Speaking of vaccines, Pfizer has followed through on its pledge to seek emergency use authorization for its COVID-19 vaccine for children ages 5 to 11. The company said Thursday that it filed its request with the U.S. Food and Drug Administration.
In the best-case scenario, the shots could be available to these younger children within a matter of weeks.
The dose for kids in this age group is one-third the dose administered to adolescents and adults. But after two shots, the antibody levels in younger children are comparable to the levels seen in those 12 and up.
FDA scientists are now poring over Pfizer’s data on the vaccine’s safety and efficacy. An independent advisory panel will discuss the application on Oct. 26.
The Moderna vaccine is making news in Scandinavia, where officials are discouraging or suspending its use in people under 30 because of a slightly increased risk of heart inflammation.
The caution was prompted by an unpublished study that found “an increased risk of side effects such as inflammation of the heart muscle or the pericardium,” the sac that covers the heart, according to Sweden’s Public Health Agency. “The risk of being affected is very small,” the agency added.
Sweden put use of the Moderna vaccine on hold for people younger than 30 on Wednesday, and nearby Denmark stopped offering it to people under 18. Norway’s response was to encourage people under 30 to take Pfizer’s vaccine instead.
And finally, North Korea has yet to report a single case of COVID-19, but the World Health Organization has begun shipping medical supplies to the famously closed-off country.
The WHO’s representative to North Korea said Thursday that some of its items had reached the North Korean port of Nampo. Other goods are now stockpiled at the Chinese port of Dalian and are ready to dispatch across the Yellow Sea.
North Korea has told the WHO that all of its 40,700 residents who have been tested for the coronavirus through Sept. 23 received negative results. But outside experts are skeptical of that claim.
COVAX, the United Nations’ vaccine distribution program, has offered 3 million doses of China’s Sinovac shots to North Korea. UNICEF, which handles COVAX’s deliveries, said last month that the offer was declined and that North Korea suggested the shots be sent elsewhere, to countries that were severely affected.
Your questions answered
Today’s question comes from readers who want to know: Do I need to delay my flu shot in order to get a COVID-19 vaccine?
Nope. You can get vaccinated against COVID-19 and the flu during the same trip to the doctor’s office or pharmacy. The same goes for people who are eligible for a COVID-19 booster.
This is not what the Centers for Disease Control and Prevention advised earlier in the pandemic. The CDC used to recommend waiting two weeks between getting a COVID-19 shot and any other type of vaccine. But its current guidelines say that wait is unnecessary.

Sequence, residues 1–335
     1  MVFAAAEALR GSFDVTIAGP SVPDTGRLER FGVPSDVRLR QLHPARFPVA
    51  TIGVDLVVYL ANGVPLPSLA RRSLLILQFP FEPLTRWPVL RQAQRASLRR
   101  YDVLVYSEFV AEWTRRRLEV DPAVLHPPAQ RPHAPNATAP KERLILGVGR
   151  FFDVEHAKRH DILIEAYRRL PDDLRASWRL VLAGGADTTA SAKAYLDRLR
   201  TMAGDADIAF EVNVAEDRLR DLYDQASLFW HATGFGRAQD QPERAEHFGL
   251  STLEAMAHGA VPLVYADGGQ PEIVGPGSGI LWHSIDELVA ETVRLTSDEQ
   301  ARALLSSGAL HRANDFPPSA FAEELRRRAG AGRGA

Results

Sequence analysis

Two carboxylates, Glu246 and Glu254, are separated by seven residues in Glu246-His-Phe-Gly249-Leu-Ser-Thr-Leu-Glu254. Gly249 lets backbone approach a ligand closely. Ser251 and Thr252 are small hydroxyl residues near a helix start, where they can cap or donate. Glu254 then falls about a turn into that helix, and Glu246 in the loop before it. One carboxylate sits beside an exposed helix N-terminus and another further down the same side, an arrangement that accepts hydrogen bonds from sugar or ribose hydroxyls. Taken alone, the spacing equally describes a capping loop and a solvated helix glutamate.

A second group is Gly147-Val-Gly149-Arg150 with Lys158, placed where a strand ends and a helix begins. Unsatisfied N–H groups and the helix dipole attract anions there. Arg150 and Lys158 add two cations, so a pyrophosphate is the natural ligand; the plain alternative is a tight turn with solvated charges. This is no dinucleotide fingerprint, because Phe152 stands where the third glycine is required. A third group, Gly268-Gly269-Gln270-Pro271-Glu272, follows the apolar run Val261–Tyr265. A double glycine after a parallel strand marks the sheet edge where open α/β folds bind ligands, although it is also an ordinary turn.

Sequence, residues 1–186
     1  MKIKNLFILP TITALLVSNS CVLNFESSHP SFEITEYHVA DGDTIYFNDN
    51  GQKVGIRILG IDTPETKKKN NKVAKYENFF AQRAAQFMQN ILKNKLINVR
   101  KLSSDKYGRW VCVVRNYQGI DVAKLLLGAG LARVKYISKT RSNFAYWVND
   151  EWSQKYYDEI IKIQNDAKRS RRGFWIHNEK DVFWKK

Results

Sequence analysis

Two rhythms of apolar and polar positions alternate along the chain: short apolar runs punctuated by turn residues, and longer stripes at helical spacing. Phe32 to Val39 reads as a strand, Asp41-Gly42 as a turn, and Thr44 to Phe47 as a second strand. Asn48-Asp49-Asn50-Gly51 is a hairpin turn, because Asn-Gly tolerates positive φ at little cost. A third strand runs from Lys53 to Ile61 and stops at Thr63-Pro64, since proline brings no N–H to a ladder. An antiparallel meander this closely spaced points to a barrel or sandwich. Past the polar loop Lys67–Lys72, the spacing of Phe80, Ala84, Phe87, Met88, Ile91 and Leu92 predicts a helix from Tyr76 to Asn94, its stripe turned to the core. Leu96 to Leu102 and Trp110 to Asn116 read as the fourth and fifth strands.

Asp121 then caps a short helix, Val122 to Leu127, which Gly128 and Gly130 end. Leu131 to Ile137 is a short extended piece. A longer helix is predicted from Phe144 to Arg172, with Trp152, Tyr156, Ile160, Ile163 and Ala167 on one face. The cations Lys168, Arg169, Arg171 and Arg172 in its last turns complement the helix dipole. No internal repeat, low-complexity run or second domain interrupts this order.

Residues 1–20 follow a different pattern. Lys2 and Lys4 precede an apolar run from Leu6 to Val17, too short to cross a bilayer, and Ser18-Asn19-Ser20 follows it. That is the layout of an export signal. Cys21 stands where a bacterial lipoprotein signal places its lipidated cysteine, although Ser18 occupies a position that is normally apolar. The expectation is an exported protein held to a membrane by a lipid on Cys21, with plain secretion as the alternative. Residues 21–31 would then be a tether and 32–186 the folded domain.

“Experience with giving other vaccines together has shown the way our bodies develop protection and possible side effects are generally similar whether vaccines are given alone or with other vaccines,” the CDC says.
Getting both shots will help the country avoid a “twindemic” of COVID-19 and influenza. That didn’t happen last year because so many people spent so much time at home during the winter surge — and when they did go out, many wore masks. Whether the flu will return with a vengeance this year is still anybody’s guess.
One piece of advice: Don’t get both vaccines in the same arm. That way, if you have some kind of reaction, it will be easier to tell which shot was responsible.
Of the two, the COVID-19 shot is more likely to cause soreness around the injection site, so that’s the one you should get in your non-dominant arm. (In other words, if you’re a leftie, get the flu shot in your left arm.)
The pandemic in pictures
The man in the photo above is at an anti-vaccination protest in Moscow. The sign he’s holding reads, “No political repressions.”
Turns out Americans haven’t cornered the market on anti-vax sentiment.
Only 29% of Russians are fully vaccinated against COVID-19, and about 4% more are partially vaccinated. Thanks in part to that low vaccination rate, the country’s official coronavirus task force reported 929 COVID-19 deaths on Wednesday, followed by another 924 deaths on Thursday and 936 deaths on Friday.
It was the first time Russia’s daily COVID-19 death toll surpassed 900 since the pandemic began more than a year and a half ago.
Need a vaccine? Keep in mind that supplies are limited, and getting one can be a challenge. Sign up for email updates, check your eligibility and, if you’re eligible, make an appointment where you live: City of Los Angeles | Los Angeles County | Kern County | Orange County | Riverside County | San Bernardino County | San Diego County | San Luis Obispo County | Santa Barbara County | Ventura County
We’ve answered hundreds of readers’ questions. Explore them in our archive here.